Violence engulfs Egypt
A growing number of American politicians, including Senators John McCain, John Kerry, and Vice President Joe Biden have begun to announce support for the protesters and in some cases for Mubarak.
Russian Foreign Minister Sergey Lavrov however contended the issue must remain in Egyptian hands, and the Egyptian people must decide their future.
He said, “I don’t think any outsiders should really be pushing Egypt one way or another. I don’t think any suggestions from outside are going to be helpful and are going to lead to a sustainable resolution of the situation. I don’t think artificial deadlines or ultimatums are in order. I strongly believe that the Egyptian political forces, political groups, must themselves find a way out.”
In addition to political support a number of international human rights workers and journalists have traveled to Egypt. Many have been attacked and /or detained in the process. Medea Benjamin, the co-founder of CODEPINK, is on the ground in Cairo conducting interviews in support of the Egyptian people.
She explained anti-government protesters want to minimize violence and are calling on the president to voluntarily step down, as opposed to forcibly removing him.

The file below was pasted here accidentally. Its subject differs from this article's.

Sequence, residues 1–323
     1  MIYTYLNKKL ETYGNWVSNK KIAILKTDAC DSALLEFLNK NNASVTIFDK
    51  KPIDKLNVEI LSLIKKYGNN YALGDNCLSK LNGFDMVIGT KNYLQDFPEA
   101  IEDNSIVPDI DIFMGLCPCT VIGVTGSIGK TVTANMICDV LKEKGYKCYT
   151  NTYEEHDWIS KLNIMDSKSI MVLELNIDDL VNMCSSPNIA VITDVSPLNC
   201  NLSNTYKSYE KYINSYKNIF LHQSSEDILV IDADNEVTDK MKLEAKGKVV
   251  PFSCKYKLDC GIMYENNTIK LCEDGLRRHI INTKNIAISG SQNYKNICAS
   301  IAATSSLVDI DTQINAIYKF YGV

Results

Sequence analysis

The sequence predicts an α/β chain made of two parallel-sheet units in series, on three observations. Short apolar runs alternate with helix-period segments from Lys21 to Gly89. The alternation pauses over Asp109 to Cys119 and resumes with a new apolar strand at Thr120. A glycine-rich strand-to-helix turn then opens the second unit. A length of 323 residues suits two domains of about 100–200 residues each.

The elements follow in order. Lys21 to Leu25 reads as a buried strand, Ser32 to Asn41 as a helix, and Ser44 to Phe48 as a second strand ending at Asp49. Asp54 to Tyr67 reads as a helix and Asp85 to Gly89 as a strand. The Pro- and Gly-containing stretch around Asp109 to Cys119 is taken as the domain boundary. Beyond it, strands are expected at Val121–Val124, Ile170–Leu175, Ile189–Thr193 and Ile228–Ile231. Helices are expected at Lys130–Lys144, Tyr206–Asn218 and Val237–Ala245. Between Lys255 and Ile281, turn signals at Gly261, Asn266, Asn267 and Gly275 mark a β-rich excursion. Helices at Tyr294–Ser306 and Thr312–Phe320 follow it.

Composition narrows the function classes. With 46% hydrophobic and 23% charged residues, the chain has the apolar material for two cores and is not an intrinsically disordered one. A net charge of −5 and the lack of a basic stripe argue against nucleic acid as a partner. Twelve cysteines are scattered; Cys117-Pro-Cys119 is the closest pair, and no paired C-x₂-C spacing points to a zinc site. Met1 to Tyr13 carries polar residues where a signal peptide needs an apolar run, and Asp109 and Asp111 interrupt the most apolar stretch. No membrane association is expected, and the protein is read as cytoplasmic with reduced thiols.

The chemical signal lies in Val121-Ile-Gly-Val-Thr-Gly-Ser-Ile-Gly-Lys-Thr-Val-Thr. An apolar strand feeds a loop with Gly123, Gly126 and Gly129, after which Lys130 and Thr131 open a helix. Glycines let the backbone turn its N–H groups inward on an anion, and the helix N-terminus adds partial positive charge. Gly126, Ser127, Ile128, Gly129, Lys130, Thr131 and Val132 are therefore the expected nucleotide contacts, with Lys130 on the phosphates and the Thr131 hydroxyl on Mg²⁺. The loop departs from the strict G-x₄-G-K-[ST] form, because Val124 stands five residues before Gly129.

“That might change tomorrow,” Benjamin commented. “I have never seen so many people literally ready to give their lives for this revolution, so they might very well be willing in smaller groups take to the streets and try and move to the presidential palace.”
Being on the ground it is evident the revolution is not easy to control. There is little organization and no clear leader, just a universal cry for greater democracy and the removal of President Mubarak.
“People are definitely feeling they don’t want to continue with business as usual,” she added.
Younus Abdullah Muhammad, the chief analyst at IslamPolicy.com however contended the events in Cairo are not a revolution and are not driven by Islam. He argued the world is bearing witness to an uprising or rebellion because of grievances.
“The requirements for a revolution are that a specific paradigm is put in place of an old paradigm and we don’t know exactly what the people of Egypt are calling for yet,” he said. “We do know that they have grievances. We do know that they are sick of living under the despotic rule of Hosni Mubarak.”
He argued the people are upset, but the real blame falls on international influence from America. American influence and support of the Mubarak government and contribution to the class war in the nation is to blame.
“All of the weapons, the tanks, the tear gas you see used against the Egyptian people to try to quell this revolution is in fact funded by American tax dollars,” Muhammad remarked. “Egypt has been a functioning American empire client state for well over 30 years.”
He argued moving forward, the world, including the US will have to let Muslim counties decide their own futures and fates themselves.
“It will be up to the people of Egypt to decide if they want to manufacture a revolution,” Muhammad said.